Germany would be stupid to abandon Greece because of this possibility, but that doesn’t mean a Greek default won’t happen.

Consider that credit default swaps on Greek debt were as high as 3,500 basis points last Friday — and that it costs $5.6 million up front and $100,000 annually to insure $10 million of Greek debt for five years. The market clearly sees the threat of a breakdown as very real.

The $50 billion or so in Greek debt on the books at European banks is only the beginning. A chilling effect of bad debt is as bad or worse as the headline losses. Lenders shut down. The flow of money in the global economy slows to a crawl. Trust erodes and uncertainty soars, which only sends us deeper into the cycle.

Sound familiar? That credit freeze is exactly what happened after Lehman. Yes, the brutal reality of the mortgage meltdown had started a slow bleed in early 2008, and the shotgun wedding of Bear Stearns and JPMorgan Chase (JPM) was alarming.

But it was semi-orderly, backed by the faith and credit of the government. (For what it’s worth, the market actually rallied after the Bear Stearns sale — in part because the Federal Reserve Bank of New York stepped into the breach to help provide financing for the deal and prevent Bear Stearns from just evaporating. Investors felt like the government had their back).

We need Germany to step into the breach this time. But recent hard-line talk from German prime minister Angela Merkel and growing outrage from beleaguered taxpayers shows Europe may not have learned anything from the crash of Lehman and the resulting credit crisis that followed.

Let’s hope Greece doesn’t turn into a painful sequel to the credit freeze incited by the Lehman Brothers failure. In the meantime, I’m not taking any chances — I’m hiding out in crash-proof investments until the dust clears.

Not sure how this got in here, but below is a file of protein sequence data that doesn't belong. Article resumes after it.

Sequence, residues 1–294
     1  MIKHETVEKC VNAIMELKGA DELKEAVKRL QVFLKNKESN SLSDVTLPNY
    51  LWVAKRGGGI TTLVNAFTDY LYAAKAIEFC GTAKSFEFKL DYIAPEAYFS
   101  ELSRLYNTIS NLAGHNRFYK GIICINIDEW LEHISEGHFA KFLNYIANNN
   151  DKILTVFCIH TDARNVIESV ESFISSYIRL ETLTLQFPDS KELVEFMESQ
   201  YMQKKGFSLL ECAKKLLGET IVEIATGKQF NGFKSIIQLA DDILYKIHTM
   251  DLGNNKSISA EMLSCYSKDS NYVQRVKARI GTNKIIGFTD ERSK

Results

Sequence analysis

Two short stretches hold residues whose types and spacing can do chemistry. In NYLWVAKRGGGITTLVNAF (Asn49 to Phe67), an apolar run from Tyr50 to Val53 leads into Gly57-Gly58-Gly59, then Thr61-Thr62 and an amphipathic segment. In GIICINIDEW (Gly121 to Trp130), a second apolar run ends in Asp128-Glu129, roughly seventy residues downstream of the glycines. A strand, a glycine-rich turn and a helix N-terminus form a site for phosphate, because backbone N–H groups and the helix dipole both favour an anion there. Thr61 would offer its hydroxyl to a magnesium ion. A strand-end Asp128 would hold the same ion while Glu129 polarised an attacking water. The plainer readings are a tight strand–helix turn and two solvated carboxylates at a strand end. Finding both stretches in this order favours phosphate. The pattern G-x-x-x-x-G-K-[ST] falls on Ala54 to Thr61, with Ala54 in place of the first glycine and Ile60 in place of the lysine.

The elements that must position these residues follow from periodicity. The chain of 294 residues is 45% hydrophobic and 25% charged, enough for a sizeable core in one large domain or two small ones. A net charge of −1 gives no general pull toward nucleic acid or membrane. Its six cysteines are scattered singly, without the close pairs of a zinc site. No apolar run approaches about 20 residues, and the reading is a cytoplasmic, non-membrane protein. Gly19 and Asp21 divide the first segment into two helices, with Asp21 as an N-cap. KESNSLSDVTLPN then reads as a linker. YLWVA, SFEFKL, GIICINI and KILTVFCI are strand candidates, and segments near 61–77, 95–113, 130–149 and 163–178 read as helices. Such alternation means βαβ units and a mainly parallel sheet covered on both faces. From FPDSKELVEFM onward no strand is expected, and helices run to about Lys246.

U.S. Debt and High Unemployment Are Secondary Issues Lest we point too many fingers at the antics overseas, it’s worth noting that the political behavior in America has been equally irrational. Somehow the tenor of our economic discussion has moved away from a troubled financial system to unemployment and now to government spending.

The issues are very closely related, so it’s understandable how we went down this road. But until we address the root cause and restore healthy lending, we will never fix the jobs or the debt issues.

Conservatives seem to think that the national debt is the defining issue of our time. However, any logical person can see that the economic downturn dramatically ate into tax receipts — and the quickest and most effective fix would be to get the economy running again, not to rewrite the tax code.

The president’s renewed focus on jobs is better for the economy but still misses the point. In my full critique of what the GOP will approve and what they’ll stonewall in the president’s jobs plan, I point to some encouraging ideas — but none of them materially change the current crisis. It’s nice to have more school teachers or construction workers collecting a paycheck, but it’s pointless unless stimulus spending props up mortgages and business lending.

Smaller classroom sizes won’t fix the housing market. A freshly paved road doesn’t pay taxes or hire employees.

In short, the credit crisis will continue as banks suffer under the weight of lingering subprime loans and see sluggish performance in “core” lending to Americans who are using credit wisely and responsibly. Without good debt to offset bad debt, our economy is doomed.

Credit is not evil and has been unfairly maligned in this mess. How soon we forget the 2006 Nobel Peace Prize that was awarded to micro-lending pioneers. Millions of poor Bangladeshi women bettered themselves with loans of as little as $100, using it to buy everything from cows to cell phones in order to start their own businesses. Without responsible use of credit, they never would have had access to a better life.

It’s worth reiterating that this was a peace prize, not a prize for economics. There is no greater example to show the importance of a functional credit market — characterized by both honest lending and responsible borrowing — to raise both the wealth of a nation and the quality of life there.

Americans need loans to start businesses, go to college, buy homes, protect themselves in times of crisis and countless other things. The nation needs to relearn how to use debt as a tool to build and protect wealth, not destroy it.

Juicing jobs numbers or slashing federal spending is nice. But until our nation and our financial system can generate loans, our economy is no better than it was three years ago when Lehman rocked Wall Street.